Nick’s health did not improve with his lighter work load, and by 1938 his pleurisy had turned into Tuberculosis. Nick spent a year in the Gravenhurst Sanatorium, after which he took up residence in Collingwood. When the Second World War broke out, Nick was not eligible for enlistment due to his health. However he contributed by making hand drawn War Bond Posters and by working at Collingwood’s Bryden Electric company and then at Clyde Aircraft. Nick’s brother George who had remained in England, was tragically killed while serving in the Second World War.
On his birthday, May 8, 1943, Nick married Flora Morrison. He bought a small photography studio in Collingwood, but the chemicals proved too much and caused yet another decline in his health. He worked for the Dominion Road Machinery Company, various drug stores, a travel business and even a cigar store before settling down at the Trott’s Furniture Store. He stayed with this store for twenty five years, until he retired.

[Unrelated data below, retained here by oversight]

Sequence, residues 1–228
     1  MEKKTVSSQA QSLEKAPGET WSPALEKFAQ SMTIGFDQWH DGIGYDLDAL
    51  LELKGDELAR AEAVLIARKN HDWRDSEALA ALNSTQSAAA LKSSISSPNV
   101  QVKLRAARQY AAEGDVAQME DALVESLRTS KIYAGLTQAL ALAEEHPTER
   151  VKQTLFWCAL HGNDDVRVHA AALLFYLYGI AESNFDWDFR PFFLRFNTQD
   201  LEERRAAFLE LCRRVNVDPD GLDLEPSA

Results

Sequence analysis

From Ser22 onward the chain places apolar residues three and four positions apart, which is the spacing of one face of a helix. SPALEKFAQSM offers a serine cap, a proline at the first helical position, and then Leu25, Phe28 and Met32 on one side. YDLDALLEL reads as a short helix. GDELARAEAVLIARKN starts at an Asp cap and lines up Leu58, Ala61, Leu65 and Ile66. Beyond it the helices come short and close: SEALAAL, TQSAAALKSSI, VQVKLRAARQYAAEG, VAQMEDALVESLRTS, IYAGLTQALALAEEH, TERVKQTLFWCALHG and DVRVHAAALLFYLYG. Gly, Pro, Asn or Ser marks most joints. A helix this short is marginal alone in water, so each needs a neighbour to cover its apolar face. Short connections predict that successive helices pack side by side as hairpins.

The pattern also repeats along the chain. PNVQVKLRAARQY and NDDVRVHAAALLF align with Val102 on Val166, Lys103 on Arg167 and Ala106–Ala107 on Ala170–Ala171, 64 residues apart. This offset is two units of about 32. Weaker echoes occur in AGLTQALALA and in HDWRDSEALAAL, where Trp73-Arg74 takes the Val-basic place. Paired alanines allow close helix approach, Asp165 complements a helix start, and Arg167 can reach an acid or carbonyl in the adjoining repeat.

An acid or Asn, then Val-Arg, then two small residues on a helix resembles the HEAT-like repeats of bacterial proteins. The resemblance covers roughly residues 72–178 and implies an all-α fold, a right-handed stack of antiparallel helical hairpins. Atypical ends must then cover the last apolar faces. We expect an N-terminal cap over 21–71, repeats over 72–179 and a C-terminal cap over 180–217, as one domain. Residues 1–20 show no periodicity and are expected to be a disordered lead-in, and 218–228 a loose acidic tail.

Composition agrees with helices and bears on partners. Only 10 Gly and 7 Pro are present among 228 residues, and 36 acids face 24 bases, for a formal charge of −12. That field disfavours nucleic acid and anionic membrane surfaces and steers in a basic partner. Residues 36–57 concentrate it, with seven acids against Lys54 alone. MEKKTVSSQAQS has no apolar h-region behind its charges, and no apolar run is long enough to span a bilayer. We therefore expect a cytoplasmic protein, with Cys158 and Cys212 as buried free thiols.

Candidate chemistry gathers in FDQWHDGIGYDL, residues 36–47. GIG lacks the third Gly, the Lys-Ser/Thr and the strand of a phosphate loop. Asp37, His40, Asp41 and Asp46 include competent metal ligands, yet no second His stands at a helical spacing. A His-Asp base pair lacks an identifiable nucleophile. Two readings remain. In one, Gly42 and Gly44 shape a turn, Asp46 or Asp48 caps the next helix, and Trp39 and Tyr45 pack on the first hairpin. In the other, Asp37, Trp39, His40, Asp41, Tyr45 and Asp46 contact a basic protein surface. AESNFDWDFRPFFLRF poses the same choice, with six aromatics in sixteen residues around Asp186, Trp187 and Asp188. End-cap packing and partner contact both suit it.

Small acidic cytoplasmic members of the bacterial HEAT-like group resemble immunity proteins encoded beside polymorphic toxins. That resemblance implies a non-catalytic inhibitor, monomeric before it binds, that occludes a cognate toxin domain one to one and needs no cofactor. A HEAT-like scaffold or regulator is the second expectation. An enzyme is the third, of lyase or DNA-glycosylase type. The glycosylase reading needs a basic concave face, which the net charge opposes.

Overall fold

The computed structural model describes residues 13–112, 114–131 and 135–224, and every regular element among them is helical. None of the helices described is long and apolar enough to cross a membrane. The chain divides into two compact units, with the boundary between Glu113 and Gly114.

All throughout his life, Nick’s artistic talents were recognized and for years he taught art students. He donated the proceeds from his very popular Collingwood Town Hall painting to fund young art students who could not afford art classes. In the 1980’s he was commissioned to paint Lord Admiral Collingwood, whom the town was named after. This painting hangs in the Town Hall, Councillor's Chambers to this day. He is best known, however, for his amazingly detailed and historically significant pencil sketches. His work hangs in homes and offices throughout the world.
Nick has received many awards of recognition over the years, including the 1993 Order of Collingwood. In 2008 he received the Companion Order of Collingwood for his continued volunteer efforts at ninety plus years of age! Nick’s sketches are preserved in the book “A Collingwood Collection - Drawings by Nick Hodson” published in 2002 by the Blue Mountain Foundation of the Arts.